Notice & Comment

The War on Bank Supervision, by Jeremy Kress

For much of the past four years, the Trump Administration’s financial policymakers have focused on rolling back rules enacted in the wake of the 2008 financial crisis. The federal banking agencies have relaxed capital requirements, liquidity rules, stress tests, and other financial safeguards, insisting that adjustments are necessary to simplify the regulatory framework and reduce regulatory burden.

With these deregulatory initiatives now largely complete, Trump-appointed officials recently turned to a separate—but equally worrisome—objective: weakening the supervisory process by which the agencies monitor risk in the banking system. These efforts, encapsulated in a speech given last week by Federal Reserve’s Vice Chair for Supervision Randal Quarles, rest on flawed assumptions that could shield banks from effective oversight even after the Trump Administration leaves office.

Supervision is an essential counterpart to the federal banking agencies’ better-known function, regulation. As supervisors, the Federal Reserve, Office of the Comptroller of the Currency, and Federal Deposit Insurance Corporation assess banks’ compliance with laws and regulations, detect emerging risks, and ensure that banks address any shortcomings. As former Federal Reserve Governor Daniel Tarullo put it, supervision “complement[s] the framework of statutes [and] regulatory rules” on which U.S. bank regulation relies.

For the past two years, however, the federal banking agencies have waged a war on bank supervision—or, in the words of Professors Peter Conti-Brown and Sean Vanatta, they have “de-supervised.” Echoing the concerns of bank lobbying groups, Trump-appointed officials are working to overhaul the modern supervisory process that they claim is too discretionary, too opaque, and too unpredictable.

The banking agencies have fought the war on supervision on multiple fronts. For example, the Office of the Comptroller of the Currency slashed its supervision budget—funded by assessments on national banks—by 10 percent in 2019 and another 10 percent in 2020. The Federal Reserve moved systemically-important foreign banks, including Credit Suisse and notoriously-troubled Deutsche Bank, out of the group of firms subject to the most intense supervisory review. In addition, the agencies implemented a congressional mandate reducing the frequency with which they examine smaller banks. The Federal Reserve also eliminated the “qualitative” objection from its annual stress tests, limiting supervisors’ ability to sanction firms for unsatisfactory capital planning. Most recently, the banking agencies and the Consumer Financial Protection Bureau proposed to codify a rule preventing examiners from criticizing a bank for failing to comply with supervisory guidance.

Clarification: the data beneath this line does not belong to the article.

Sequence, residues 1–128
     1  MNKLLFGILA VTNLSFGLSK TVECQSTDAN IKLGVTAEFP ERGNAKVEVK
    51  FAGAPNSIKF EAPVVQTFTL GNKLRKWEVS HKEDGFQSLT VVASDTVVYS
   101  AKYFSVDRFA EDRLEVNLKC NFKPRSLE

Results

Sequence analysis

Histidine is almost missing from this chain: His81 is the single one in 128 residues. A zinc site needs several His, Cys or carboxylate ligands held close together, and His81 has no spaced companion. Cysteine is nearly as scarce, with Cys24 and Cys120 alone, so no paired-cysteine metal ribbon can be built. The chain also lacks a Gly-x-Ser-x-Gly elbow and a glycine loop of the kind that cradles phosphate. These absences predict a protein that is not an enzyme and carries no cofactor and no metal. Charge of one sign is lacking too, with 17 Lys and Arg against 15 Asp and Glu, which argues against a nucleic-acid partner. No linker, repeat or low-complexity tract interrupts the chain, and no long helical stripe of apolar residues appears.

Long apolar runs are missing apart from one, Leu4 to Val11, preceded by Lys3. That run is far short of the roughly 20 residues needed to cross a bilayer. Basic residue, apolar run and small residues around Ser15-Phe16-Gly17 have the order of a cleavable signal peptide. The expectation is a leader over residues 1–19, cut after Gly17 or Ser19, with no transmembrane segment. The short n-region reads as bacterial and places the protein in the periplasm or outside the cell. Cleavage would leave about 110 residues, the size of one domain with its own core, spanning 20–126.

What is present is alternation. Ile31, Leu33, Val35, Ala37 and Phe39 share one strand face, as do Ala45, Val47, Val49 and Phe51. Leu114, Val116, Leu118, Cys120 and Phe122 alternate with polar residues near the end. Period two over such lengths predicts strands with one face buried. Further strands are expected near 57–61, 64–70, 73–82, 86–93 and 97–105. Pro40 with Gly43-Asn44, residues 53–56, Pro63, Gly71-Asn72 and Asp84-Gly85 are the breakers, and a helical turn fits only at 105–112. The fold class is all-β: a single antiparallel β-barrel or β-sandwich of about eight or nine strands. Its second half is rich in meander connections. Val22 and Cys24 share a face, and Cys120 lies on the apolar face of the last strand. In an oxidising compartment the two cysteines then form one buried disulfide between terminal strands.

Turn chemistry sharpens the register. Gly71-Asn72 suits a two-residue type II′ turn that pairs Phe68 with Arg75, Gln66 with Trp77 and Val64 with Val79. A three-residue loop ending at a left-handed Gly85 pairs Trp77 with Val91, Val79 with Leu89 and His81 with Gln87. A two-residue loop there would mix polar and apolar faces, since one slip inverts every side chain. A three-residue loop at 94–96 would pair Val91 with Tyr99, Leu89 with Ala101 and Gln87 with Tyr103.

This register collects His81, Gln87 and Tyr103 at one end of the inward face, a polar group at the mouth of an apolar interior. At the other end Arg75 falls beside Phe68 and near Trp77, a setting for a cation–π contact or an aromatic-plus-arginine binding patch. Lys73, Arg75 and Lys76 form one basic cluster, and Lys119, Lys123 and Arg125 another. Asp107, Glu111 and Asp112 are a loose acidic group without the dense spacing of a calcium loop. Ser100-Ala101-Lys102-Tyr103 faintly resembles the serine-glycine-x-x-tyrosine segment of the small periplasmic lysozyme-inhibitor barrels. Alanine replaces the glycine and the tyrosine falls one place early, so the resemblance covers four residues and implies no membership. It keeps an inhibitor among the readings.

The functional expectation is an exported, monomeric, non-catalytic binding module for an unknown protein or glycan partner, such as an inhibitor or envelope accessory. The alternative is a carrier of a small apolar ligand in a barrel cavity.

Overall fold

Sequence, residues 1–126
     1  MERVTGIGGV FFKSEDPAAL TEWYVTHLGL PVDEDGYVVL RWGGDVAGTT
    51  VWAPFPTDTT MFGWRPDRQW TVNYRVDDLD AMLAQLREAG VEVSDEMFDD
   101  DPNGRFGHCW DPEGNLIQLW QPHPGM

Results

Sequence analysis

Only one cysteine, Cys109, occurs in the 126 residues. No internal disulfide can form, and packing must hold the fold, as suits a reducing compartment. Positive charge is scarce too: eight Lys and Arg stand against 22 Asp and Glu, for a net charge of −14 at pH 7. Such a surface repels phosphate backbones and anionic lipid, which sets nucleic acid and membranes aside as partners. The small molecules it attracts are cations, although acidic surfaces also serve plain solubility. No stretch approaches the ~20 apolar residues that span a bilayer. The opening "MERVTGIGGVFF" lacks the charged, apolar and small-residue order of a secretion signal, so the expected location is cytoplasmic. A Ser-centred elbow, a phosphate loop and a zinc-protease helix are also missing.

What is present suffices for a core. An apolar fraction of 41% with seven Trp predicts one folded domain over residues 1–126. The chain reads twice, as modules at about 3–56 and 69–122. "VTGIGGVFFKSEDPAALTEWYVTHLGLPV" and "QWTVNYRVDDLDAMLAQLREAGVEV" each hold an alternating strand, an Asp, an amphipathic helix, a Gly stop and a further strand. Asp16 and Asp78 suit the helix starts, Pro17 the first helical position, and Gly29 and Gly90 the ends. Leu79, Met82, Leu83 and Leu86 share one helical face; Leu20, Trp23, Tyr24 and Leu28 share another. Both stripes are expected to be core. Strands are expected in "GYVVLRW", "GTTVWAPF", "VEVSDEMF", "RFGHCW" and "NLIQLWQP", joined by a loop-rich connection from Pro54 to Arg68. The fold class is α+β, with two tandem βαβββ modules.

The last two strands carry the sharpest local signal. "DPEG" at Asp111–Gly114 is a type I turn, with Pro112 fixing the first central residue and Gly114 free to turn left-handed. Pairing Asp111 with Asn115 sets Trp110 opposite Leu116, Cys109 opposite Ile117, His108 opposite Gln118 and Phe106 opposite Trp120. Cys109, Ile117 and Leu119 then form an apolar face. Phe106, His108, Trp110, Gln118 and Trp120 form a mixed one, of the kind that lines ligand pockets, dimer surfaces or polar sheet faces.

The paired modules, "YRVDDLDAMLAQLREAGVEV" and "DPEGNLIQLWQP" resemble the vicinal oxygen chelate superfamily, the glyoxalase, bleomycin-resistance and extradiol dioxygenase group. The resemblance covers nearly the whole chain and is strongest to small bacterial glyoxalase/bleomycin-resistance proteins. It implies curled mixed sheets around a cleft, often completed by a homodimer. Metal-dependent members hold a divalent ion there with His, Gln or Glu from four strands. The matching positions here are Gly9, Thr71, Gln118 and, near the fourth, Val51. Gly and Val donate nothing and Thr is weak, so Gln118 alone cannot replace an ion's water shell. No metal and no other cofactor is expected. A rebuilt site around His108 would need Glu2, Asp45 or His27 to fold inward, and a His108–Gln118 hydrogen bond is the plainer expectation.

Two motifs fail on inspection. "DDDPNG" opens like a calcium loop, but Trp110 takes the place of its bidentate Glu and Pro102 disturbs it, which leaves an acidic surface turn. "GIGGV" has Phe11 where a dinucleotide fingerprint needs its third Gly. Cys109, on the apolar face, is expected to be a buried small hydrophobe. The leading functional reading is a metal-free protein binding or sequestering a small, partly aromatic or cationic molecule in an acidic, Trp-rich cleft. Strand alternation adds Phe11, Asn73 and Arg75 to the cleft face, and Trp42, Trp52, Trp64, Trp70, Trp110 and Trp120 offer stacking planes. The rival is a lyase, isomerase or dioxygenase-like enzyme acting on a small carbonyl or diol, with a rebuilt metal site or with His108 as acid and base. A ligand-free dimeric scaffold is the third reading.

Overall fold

These “de-supervisory” actions all fit a familiar pattern. They will not make the financial system safer, detect misconduct, or protect consumers. Rather, the war on bank supervision will insulate Wall Street from oversight and erect unwarranted obstacles for examiners trying to mitigate excessive risks in the financial system.

The latest salvo in the war on bank supervision came last week, when Vice Chair Quarles delivered a speech attacking the ratings framework on which modern bank supervision is based. As part of the annual examination process, a bank’s supervisor assigns numerical ratings measuring the bank’s financial position, management, and overall condition using a standardized rating scale. A bank must receive strong supervisory ratings to enjoy certain regulatory privileges. For example, a firm generally must be deemed “well managed” to engage in interstate mergers or participate in certain financial activities, such as securities underwriting and dealing.

In his speech, Quarles asserted that, despite more than a century of experience with supervisory ratings, the banking agencies do not “have a particularly well-developed theory of ratings—principles regarding the internal processes and standards that promote consistency and predictability.” In Quarles’ view, bank ratings are too discretionary and lack analytical rigor. Quarles contends that the banking agencies lack “support for [their] view about where to draw the line between a satisfactory rating and an unsatisfactory rating.” In other words, Quarles doubts supervisors’ ability to reliably distinguish between banks that are “well managed” and banks that are not. Perhaps for this reason, Quarles and other Trump-appointed financial regulators have chosen not to limit the activities of the more than 40 percent of large banks that are not currently considered “well managed.”